Stephen Donnelly gave devices to cyber security body after ‘hack’

The incident meant an email about the proposed secondment of the chief medical officer was not passed on to the minister, a committee was told.
Stephen Donnelly gave devices to cyber security body after ‘hack’

By Cillian Sherlock, PA

Minister for Health Stephen Donnelly and another department official were advised not to use their devices during a St Patrick’s Day trip to the US in March 2022, in an incident described by department secretary general Robert Watt as a “hack”.

“Minister Donnelly and his officials were advised not to use their devices – particularly for email – due to concerns about a cyber security risk,” a spokesman for the minister said.

The official’s devices were powered off and surrendered to the National Cyber Security Centre (NCSC) upon their arrival back in Ireland.

However, the NCSC said no signs of compromise were found on the devices.

A spokesman for the Department of Communications said the NCSC technically examines people’s devices as a precautionary measure “on occasion”.

“Minister Donnelly’s device was examined at the time in question and no signs of compromise were found,” the spokesman said.

The minister had travelled to Texas as part of a St Patrick’s Day visit, where he met then Texas secretary of state John B Scott and mayor of Austin Steve Adler.

At the Finance Committee on Wednesday, Mr Watt said a message relating to a controversial secondment of the chief medical officer was drafted for the minister but he did not receive it because “his computer was hacked”.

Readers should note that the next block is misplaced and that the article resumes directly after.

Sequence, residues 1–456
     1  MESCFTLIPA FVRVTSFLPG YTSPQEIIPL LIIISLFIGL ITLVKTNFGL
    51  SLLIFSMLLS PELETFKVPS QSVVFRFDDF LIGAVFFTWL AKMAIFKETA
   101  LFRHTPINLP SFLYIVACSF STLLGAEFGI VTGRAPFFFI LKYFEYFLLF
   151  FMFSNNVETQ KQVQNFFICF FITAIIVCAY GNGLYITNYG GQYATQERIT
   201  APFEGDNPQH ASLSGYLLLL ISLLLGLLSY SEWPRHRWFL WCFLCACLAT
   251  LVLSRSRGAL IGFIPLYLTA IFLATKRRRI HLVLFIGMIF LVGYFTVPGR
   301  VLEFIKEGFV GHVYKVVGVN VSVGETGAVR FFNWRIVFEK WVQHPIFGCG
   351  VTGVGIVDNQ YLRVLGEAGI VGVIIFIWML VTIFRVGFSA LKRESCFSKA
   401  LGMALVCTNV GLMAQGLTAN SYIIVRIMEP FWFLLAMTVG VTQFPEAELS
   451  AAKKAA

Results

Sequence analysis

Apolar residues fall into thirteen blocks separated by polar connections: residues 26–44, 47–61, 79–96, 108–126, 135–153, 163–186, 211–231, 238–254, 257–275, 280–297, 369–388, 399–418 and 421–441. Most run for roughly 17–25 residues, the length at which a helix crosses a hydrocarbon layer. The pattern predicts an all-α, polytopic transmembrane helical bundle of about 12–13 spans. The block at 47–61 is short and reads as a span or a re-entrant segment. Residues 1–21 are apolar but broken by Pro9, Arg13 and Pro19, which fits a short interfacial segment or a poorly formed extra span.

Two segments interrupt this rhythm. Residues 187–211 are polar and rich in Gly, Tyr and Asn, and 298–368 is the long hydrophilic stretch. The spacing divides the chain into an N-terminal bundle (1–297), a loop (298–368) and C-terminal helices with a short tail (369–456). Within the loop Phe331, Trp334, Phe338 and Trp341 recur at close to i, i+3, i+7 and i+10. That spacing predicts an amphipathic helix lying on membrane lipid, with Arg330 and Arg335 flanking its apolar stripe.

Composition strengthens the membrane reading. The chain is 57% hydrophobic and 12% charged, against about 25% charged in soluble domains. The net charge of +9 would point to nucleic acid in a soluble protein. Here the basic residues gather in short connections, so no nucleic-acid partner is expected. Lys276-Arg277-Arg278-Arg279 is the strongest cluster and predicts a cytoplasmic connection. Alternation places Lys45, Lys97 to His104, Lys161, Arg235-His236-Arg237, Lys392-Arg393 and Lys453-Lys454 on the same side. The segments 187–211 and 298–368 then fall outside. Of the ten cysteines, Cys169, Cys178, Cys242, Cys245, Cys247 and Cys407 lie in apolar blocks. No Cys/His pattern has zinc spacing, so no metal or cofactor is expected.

Mr Watt claimed “the machine” was corrupted for four to five days.

According to Mr Watt, the incident meant that an important email about the proposed secondment of then chief medical officer Dr Tony Holohan was not passed on to the minister.

It would have contained details around proposals for the annual allocation of two million euro to accompany the secondment of Dr Holohan to Trinity College Dublin.

“There was a technical issue that got in the way. I haven’t spoken about this before because that sounds like making excuses but that’s actually what happened.”

A controversy arose around the secondment and it ultimately did not take place.

An external review into the proposed secondment was published this week and highlighted a lack of formal consultation with the Taoiseach, Minister for Health and Department of Public Expenditure and Reform throughout the process.

There were conflicting reports of when key government officials were informed of significant details about the proposal.

It also said the associated annual commitment of two million euro in research funding to be allocated through the Health Research Board (HRB) was not based on any scope nor costings and that the HRB was not consulted.

The report said the proposed funding bypassed all accepted protocols for research funding and did not, in the author’s opinion, meet accepted norms of scrutiny, transparency and accountability.

It said the proposed secondment and associated research funding should not have been linked together and that it should have been fully discussed at an earlier stage by Mr Watt with the Minister for Health.

Reflecting on the incident at committee, Mr Watt said: “Whatever, we didn’t communicate with him. We should have.”

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